Local News

Pharmacy Errors A Prescription For Disaster

Posted July 9, 1999

— When most of us pick up a prescription, we assume our pharmacist is giving us the right medication. But the state is currently investigating hundreds of cases of prescription errors.

Betty Thompson took the wrong drug for a month before she learned her pharmacist had made a mistake.

"I felt betrayed," Thompson says. "I'm giving my trust to this person to give me a medication that's supposed to help me, and it didn't."

Betty's doctor prescribedPrilosecfor acid reflux. She took the pills for a month, but her symptoms never improved.

When she picked up a refill at her pharmacy in Carrboro, she noticed the new capsules were purple, but she had been taking green pills. The new (purple) capsules were indeed Prilosec. The green pills she had been taking were Prozac.

A state investigator believes her pharmacist gave her the anti-depressant by accident.

The North Carolina Board of Pharmacyinvestigates cases like Thompson's. The board saw a 20 percent increase in prescription errors last year. If the trend continues, they will investigate more than 400 complaints this year.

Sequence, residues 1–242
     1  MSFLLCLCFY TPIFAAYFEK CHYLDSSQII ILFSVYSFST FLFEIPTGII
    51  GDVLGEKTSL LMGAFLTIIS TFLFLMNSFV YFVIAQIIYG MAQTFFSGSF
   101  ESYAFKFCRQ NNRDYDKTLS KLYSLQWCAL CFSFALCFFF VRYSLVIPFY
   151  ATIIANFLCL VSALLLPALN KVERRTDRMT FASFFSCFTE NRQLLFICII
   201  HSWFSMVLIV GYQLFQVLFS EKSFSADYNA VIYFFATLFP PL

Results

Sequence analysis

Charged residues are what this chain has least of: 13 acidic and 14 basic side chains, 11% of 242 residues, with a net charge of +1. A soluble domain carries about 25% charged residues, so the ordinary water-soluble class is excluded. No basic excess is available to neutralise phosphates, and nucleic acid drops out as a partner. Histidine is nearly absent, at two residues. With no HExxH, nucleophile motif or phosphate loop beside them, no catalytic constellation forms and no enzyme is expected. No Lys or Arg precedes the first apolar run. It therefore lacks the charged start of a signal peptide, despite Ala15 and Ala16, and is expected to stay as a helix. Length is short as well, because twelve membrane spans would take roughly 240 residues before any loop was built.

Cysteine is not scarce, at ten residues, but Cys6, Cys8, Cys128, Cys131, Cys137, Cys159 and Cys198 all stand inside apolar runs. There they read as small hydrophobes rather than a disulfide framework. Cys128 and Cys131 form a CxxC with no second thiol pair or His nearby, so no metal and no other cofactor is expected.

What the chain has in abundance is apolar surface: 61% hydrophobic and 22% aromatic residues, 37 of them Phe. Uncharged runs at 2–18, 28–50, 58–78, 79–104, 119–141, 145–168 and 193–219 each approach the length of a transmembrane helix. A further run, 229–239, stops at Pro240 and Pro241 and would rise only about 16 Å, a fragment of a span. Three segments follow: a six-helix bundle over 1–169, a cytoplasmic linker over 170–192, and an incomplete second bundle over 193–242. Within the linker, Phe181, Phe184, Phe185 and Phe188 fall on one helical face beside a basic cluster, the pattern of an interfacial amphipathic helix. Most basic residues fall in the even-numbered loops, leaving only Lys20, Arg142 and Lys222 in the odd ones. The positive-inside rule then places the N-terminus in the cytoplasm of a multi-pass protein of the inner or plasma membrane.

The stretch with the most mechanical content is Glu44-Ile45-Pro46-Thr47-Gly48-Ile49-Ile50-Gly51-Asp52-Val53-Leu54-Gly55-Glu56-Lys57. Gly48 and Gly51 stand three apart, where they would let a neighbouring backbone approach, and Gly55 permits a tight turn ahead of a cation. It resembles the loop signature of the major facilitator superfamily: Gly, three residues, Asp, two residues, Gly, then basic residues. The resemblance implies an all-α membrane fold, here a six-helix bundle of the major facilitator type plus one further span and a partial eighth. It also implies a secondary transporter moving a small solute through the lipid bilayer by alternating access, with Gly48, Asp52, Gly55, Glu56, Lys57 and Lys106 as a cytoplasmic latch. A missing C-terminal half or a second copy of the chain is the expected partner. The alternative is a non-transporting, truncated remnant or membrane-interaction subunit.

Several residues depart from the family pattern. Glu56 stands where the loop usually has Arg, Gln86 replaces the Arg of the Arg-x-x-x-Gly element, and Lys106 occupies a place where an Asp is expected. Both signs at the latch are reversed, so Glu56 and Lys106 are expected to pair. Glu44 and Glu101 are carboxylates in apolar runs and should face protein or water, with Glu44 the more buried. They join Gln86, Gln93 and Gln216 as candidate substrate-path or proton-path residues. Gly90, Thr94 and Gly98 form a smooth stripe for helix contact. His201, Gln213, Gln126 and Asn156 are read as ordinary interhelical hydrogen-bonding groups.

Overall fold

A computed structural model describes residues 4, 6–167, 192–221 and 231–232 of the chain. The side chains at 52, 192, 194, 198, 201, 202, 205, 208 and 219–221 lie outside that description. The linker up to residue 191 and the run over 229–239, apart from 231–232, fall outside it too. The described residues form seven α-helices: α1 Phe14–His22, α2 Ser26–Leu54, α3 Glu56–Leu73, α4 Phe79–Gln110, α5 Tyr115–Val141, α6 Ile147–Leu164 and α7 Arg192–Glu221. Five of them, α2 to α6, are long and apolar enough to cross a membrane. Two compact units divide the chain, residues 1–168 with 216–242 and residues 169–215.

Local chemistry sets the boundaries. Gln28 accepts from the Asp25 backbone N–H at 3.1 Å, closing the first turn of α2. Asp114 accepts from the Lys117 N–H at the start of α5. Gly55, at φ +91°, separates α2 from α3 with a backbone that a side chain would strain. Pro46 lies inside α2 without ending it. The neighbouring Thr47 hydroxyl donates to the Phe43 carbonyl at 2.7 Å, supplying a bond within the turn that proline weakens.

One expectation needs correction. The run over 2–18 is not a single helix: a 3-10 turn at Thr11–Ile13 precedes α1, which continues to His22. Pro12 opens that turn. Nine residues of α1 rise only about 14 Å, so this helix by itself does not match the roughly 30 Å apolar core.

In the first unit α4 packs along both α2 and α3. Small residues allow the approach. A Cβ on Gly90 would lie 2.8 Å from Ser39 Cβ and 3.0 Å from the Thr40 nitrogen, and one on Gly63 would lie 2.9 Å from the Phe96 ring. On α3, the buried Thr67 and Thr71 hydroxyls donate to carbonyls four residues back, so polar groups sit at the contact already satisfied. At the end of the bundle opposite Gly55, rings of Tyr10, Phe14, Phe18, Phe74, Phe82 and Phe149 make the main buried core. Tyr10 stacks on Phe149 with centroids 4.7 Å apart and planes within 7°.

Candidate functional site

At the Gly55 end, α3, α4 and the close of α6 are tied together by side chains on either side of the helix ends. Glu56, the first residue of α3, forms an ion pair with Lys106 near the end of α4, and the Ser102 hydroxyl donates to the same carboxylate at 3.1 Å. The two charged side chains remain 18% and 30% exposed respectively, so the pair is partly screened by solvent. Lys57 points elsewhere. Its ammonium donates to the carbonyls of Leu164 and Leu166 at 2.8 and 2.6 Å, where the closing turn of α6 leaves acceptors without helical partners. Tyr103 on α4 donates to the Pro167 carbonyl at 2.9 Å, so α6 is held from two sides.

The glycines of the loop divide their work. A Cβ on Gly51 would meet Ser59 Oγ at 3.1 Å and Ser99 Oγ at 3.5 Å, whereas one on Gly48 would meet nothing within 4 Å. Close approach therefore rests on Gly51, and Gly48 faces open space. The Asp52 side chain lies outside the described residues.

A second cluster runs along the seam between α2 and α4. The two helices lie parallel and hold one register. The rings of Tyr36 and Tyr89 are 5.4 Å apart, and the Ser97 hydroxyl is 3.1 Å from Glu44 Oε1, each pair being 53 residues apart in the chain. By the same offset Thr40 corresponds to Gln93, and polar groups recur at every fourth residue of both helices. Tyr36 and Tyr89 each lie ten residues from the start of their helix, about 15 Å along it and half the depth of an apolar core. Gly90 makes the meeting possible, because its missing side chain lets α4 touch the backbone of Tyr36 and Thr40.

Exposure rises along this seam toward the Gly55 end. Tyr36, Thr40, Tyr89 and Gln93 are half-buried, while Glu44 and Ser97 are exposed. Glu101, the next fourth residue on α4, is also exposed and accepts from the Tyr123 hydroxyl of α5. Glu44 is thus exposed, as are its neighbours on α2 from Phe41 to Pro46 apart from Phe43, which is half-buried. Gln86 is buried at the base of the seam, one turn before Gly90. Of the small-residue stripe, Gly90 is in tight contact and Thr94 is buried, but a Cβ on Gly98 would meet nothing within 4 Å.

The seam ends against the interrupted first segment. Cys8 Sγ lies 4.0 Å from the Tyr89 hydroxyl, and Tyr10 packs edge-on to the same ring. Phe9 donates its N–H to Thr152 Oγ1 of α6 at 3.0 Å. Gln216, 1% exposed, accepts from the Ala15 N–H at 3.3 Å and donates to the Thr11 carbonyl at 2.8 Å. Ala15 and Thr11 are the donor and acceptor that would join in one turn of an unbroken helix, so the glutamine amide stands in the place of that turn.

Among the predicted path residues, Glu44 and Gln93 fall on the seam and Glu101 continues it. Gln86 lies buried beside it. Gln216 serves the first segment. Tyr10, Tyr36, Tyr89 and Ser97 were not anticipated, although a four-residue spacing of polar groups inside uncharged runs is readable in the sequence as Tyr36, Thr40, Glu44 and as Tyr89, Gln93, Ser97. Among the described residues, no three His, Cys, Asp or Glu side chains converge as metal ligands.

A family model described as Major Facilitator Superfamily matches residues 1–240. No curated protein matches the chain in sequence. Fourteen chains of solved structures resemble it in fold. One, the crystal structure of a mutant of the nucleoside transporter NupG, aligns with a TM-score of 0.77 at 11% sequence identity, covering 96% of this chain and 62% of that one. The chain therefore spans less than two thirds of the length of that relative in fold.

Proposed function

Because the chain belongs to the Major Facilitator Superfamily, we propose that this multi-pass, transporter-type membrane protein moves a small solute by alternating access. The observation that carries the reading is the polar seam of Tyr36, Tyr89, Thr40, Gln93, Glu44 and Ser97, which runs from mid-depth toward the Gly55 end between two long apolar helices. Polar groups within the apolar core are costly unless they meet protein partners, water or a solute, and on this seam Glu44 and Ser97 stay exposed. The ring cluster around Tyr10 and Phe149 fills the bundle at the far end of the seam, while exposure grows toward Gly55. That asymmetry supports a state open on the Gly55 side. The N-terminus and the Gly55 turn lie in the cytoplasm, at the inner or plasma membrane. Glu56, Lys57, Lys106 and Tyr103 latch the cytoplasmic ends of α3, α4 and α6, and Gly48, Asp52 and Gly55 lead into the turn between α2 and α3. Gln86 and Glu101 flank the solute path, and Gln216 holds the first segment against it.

The director of the board says pharmacists are simply overworked. "They're working long hours, 12 hours, some of them 16 hours a day," David Work says. "That's 8 a.m. to midnight. That's a long day, especially if there's no break for lunch or meals."

The state pharmacy board is pushing for a rule that would give pharmacists a break every six hours.

Pharmacists say they are under a lot of pressure from the customer to fill prescriptions, file insurance, answer phones.

Pharmacists at one store in Chapel Hill fill 300 prescriptions a day. Each one is checked three or four times by different people to make sure it is right. But pharmacists admit sometimes mistakes are made. They say patients need to be more involved in their own health care.

"Ask us at the counter to take a look at your medication," Bowen suggests. "We're happy to do that."

Board of Pharmacy representatives agree. They say patients need to help protect themselves by slowing down and asking plenty of questions.

Betty Thompson no longer leaves her health in someone else's hands. She checks every prescription she gets.

"Even now, when I get a new prescription, I open it in the store, look at it and come home and look at a PDR guide to see if I've got the right thing," she says. "I'm so paranoid now about this."

If you are the victim of a prescription error, you can get information about filing a complaint with the Board of Pharmacy by calling (919) 942-4454.

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